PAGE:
Sunday, August 24, 2008

Coleman's out-of-touch record: transportation security

Original Link:

by: Jeff Rosenberg

This is the fifth in a series of weekly articles exposing Norm Coleman's record on the issues. All data in this series comes from CQ Weekly.
Previous articles cover Coleman's record on transportation, the environment, education, and employment.

Did you think that transportation security was an obvious opportunity for bipartisan agreement? Did you think that only a maniac could vote against securing our planes, trains, and cargo ships? Well, then you haven't been following the career of Norm "W" Coleman. The following is a list of some of Coleman's most egregious votes against securing our transportation networks:


Coleman voted to privatize core air traffic control functions, system specialists and maintenance of systems and flight service stations. You've seen what the privatized TSA program is like; do you really want to outsource our transportation security?


Coleman voted AGAINST an amendment to increase funding for rail and transit security by $350 million (SENATE ROLL CALL VOTE 181). This is such a small number, when you consider the amount of damage that could be done in an attack. Coleman's vote against this is nothing short of disgusting.


This was a banner year for Coleman in terms of voting against our security.

First, he voted AGAINST an amendment which would appropriate approximately $302 million for aviation security programs (SENATE ROLL CALL VOTE 180). Well, it's not like anyone has ever attacked our aviation system, right?

Immediately after that, he voted AGAINST appropriating $70 million to the Transportation Security Administration to identify and track shipments of hazardous materials by truck using global positioning system (GPS) technology (SENATE ROLL CALL VOTE 181).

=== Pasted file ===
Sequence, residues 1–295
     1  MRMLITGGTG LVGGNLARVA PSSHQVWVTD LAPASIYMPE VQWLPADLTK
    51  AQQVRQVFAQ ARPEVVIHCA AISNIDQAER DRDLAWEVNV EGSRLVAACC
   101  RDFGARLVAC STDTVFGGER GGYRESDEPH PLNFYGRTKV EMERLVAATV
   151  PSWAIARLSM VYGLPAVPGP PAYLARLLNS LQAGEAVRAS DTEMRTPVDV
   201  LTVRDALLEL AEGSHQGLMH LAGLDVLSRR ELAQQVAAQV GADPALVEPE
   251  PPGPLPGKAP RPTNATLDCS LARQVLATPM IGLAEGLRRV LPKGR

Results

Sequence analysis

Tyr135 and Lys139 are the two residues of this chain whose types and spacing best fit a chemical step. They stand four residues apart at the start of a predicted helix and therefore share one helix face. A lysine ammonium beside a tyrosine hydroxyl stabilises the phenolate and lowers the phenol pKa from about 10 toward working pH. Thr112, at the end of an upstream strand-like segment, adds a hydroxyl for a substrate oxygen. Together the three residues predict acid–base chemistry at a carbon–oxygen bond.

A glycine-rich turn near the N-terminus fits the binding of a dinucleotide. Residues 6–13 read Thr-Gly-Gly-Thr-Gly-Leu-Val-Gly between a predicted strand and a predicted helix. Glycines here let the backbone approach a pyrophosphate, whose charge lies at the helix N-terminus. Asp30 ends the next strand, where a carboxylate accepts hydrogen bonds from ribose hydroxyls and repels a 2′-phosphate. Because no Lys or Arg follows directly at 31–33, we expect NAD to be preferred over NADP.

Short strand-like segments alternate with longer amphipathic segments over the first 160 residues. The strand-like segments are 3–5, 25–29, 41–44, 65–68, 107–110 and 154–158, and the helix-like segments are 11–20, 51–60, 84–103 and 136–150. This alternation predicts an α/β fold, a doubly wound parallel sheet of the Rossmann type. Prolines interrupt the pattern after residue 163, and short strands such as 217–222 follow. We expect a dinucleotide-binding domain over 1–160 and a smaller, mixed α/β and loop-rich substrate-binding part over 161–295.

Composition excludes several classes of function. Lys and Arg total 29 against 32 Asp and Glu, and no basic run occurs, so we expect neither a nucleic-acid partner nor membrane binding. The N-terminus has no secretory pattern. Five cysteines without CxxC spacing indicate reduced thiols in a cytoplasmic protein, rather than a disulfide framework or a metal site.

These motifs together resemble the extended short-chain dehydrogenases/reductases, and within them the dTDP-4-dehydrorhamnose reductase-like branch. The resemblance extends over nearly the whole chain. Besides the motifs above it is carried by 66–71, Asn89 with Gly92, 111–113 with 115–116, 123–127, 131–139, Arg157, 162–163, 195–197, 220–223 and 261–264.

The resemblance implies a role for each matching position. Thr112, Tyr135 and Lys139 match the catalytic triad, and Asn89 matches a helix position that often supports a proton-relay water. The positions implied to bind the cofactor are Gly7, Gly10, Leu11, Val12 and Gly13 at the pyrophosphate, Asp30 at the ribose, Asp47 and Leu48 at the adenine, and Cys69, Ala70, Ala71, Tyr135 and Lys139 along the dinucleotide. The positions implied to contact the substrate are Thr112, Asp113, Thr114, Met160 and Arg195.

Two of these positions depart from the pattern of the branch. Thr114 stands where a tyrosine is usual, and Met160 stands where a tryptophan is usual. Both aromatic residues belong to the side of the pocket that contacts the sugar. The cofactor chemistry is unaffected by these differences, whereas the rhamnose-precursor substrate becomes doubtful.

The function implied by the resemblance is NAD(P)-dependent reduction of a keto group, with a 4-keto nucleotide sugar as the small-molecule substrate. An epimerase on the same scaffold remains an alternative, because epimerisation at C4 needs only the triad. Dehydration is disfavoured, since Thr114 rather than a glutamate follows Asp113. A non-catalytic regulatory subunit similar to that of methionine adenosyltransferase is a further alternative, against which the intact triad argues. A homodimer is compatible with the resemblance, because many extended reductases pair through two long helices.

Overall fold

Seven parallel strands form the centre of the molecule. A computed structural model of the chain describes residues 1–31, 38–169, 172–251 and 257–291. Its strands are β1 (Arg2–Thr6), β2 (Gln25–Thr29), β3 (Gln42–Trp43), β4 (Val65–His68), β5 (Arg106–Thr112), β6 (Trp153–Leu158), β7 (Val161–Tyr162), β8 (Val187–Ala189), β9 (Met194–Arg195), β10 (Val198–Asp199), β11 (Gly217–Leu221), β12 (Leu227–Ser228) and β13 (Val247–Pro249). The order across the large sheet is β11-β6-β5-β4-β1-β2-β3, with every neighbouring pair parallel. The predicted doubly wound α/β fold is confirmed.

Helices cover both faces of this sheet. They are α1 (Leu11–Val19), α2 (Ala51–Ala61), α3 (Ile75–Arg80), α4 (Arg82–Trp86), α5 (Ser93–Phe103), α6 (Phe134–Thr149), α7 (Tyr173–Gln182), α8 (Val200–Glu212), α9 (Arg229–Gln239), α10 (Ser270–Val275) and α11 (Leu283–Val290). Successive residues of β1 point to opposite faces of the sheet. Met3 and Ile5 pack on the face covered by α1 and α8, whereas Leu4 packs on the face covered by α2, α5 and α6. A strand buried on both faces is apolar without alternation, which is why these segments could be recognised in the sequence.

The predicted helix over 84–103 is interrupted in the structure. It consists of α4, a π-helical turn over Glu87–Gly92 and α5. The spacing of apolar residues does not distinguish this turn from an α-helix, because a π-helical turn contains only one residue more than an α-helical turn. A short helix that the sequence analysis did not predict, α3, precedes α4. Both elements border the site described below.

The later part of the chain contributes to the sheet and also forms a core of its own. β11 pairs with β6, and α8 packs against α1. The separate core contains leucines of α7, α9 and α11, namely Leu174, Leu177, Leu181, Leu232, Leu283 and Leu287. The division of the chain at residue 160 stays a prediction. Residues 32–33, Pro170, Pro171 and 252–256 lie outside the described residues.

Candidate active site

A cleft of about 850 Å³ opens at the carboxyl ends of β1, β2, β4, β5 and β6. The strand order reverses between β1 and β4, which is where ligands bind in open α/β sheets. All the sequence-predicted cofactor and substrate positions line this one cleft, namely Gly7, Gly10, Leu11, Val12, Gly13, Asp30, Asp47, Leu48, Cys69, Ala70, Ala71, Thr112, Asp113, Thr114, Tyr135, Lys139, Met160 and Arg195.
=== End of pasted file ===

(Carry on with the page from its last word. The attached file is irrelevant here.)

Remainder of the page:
Next, he voted AGAINST an amendment that would provide an additional $100 million for transportation and infrastructure grants, increase port security grant funding by $50 million to $200 million and increase intercity bus security grants to $15 million (SENATE ROLL CALL VOTE 185).

He did vote for one amendment supporting transit security grants. This bill would have provided $1.2 billion for transit security (SENATE ROLL CALL VOTE 186); I have no idea why he would support this bill and vote against the others. Well, at least one out of four ain't bad... no, wait--it stinks. Unfortunately, the only amendment Coleman voted for was voted down by the rest of the Republicans.


Coleman wrote an amendment that would require the screening of all high-risk maritime cargo inbound to the United States (SENATE ROLL CALL VOTE 245). Sounds good, right? Well, not so fast.

He wrote this amendment because he voted AGAINST an amendment that would require the Homeland Security secretary to develop a plan for scanning all of the cargo containers destined for and departing from the United States (SENATE ROLL CALL VOTE 246). So I suppose he's in favor of inbound cargo being safe, just not that safe. And outbound cargo? Who cares?


Once again, he voted AGAINST scan all cargo entering the United States (SENATE ROLL CALL VOTE 56). I want to explain here: the 9-11 Commission said that the technology to do this effectively was a few years in the future. This bill would have given the Department of Homeland Security five years to put the technology in place to screen cargo efficiently and economically. So how could Coleman oppose screening cargo?

The bottom line: Norm "W" Coleman has consistently voted against funding for transportation security. And even when he voted for something, he was usually voting for the weaker of several options. That's just unacceptable. I can't think of many votes that were more important to this country, and Coleman shirked his responsibility to keep us safe.

No comments: